– Don’t force Amish people off of the road. Mark had this happen to him. These folks literally forced him off of the road. “Hi, we’re from Michigan. Where can we get Amish noodles.” Mark was not amused. Noodles? He thought he was going to be robbed.

      Just some things to think about when you’re driving in Amish country.

    4. Alice Mary

      Animal sign language

      It’s not just horses who “speak” with their ears…my cat does, too. (As did the many dogs in my life.) Animals have their own “sign language,” for sure!

      I can’t imagine riding in a horse-drawn buggy on a road where cars go that fast (50, 60+ mph, despite what’s “posted” as a speed limit). Makes me want to add a few back roads for horse-drawn vehicles to take (I believe I saw something like that on this blog not too long ago). I suppose it’s necessary in some places/times to drive a buggy in these conditions. It sends shivers up my spine…I know how a little subcompact car like mine can shimmy in the wake of a larger vehicle—those poor horses, and the folks they’re pulling (sure doesn’t sound like a joy ride to me!)

      Alice Mary

    5. Jeannie

      Hey thats near my neck of the woods. Yes it is courtesy to be mindful of who is all on the road, whether they be man and buggy, a lady walking or a bicyclist.. Slow Your Roll and pass with caution. I cant begin to tell you the amount of speeders on these here roads.. no mind about the signs that clearly state.. Caution Children at Play, Blind and Deaf area, Horse and Buggy.. The drivers are restless here and its scary.. I had a guy pass me on the left as I was turning left into my drive way.. I had my signal on befor my road because I live on a corner and I know its dangerous..I often worry for my Swartzentruber Amish neighbors who at times have been passed by some idiot going to fast.. Now in saying that I also worry for their safety at night.. I do wish they would use the triangles… I was coming home late one rainy evening last spring and despite my speed being low I nearly plowed into the back of one near my house by the time I realized they were on the road. PTL I was able to brake befor I did. Each time since then its left a lil fear in me.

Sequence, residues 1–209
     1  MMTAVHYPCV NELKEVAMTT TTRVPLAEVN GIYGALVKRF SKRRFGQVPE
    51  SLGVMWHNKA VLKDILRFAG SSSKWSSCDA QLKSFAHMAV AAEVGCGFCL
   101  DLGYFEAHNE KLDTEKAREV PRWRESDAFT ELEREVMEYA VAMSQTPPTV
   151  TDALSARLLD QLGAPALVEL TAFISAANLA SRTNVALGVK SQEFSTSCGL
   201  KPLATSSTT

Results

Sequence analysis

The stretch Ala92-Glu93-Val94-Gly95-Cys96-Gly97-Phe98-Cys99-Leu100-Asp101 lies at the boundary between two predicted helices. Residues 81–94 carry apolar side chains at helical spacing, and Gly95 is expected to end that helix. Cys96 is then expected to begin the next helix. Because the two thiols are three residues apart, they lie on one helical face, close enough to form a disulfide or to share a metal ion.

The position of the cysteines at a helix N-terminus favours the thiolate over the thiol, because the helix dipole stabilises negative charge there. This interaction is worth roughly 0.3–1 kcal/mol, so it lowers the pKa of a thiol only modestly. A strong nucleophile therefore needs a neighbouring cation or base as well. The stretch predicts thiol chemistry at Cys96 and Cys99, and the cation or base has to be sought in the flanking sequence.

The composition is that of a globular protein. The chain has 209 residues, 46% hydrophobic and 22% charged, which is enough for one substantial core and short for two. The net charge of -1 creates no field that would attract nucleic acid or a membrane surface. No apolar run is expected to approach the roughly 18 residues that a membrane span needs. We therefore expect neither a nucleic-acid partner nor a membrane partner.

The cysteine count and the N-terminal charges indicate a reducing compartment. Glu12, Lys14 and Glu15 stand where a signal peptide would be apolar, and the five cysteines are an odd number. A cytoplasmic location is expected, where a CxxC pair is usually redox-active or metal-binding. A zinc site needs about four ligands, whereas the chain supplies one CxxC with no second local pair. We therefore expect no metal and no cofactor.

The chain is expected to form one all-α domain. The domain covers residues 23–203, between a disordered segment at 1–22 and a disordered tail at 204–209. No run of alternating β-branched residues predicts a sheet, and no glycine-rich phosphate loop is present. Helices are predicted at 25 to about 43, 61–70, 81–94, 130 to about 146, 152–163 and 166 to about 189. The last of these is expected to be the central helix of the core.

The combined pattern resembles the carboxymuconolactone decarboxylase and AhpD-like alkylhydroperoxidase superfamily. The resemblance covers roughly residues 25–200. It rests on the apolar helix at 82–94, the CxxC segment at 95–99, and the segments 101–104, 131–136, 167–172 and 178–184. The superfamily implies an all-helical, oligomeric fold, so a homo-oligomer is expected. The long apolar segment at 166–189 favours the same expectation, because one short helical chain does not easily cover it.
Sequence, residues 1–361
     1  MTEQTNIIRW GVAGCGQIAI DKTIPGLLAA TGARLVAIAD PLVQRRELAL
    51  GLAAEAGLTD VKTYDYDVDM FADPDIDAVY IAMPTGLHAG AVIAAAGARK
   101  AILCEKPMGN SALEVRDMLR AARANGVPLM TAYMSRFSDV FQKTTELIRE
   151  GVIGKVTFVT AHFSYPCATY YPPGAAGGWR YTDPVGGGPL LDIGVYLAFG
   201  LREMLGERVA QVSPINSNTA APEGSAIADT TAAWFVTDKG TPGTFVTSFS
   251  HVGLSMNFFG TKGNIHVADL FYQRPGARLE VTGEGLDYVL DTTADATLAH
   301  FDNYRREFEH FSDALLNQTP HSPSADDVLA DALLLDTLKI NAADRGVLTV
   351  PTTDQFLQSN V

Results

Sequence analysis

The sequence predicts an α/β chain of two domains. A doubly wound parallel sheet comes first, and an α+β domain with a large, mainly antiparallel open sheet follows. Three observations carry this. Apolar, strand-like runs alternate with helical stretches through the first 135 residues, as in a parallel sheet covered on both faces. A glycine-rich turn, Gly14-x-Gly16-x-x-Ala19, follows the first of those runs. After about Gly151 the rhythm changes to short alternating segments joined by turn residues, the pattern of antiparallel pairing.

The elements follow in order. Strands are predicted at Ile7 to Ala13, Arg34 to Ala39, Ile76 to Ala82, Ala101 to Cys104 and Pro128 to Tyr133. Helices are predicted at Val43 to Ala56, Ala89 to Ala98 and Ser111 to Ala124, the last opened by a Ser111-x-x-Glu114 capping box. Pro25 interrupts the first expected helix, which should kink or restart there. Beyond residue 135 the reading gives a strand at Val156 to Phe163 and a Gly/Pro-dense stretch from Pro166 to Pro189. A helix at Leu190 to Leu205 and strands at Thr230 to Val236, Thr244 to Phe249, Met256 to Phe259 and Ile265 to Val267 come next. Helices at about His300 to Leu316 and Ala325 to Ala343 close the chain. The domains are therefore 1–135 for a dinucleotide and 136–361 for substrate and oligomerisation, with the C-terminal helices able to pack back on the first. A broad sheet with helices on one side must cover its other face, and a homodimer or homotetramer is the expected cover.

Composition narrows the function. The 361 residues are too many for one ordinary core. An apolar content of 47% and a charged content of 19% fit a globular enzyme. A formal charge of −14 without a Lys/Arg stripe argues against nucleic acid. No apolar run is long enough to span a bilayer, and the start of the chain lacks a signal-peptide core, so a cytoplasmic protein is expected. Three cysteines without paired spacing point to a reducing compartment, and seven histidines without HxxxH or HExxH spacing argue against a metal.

6. OldKat

      RE: Horse Sense

      Don, I am just a few years younger than Mark is. Unlike him, I drive my horses as a hobby & not as my everyday transportation. Also unlike him (apparently anyway) I have been around horses daily for about 5 decades and have been driving them for a good 40 to 45 years. I couldn’t have improved on his comments if I tried, so Mark must be a quick learner and a keen observer.

      The man that was basically my mentor when I was college age and for about 20 years thereafter once told me; “I love horses, really I do. If you fool around with horses though, they will either hurt you or hurt your pocket book”. I think there is a world of truth in that statement. Doesn’t stop me from owning 3 of them right now though. Good thread, Erik.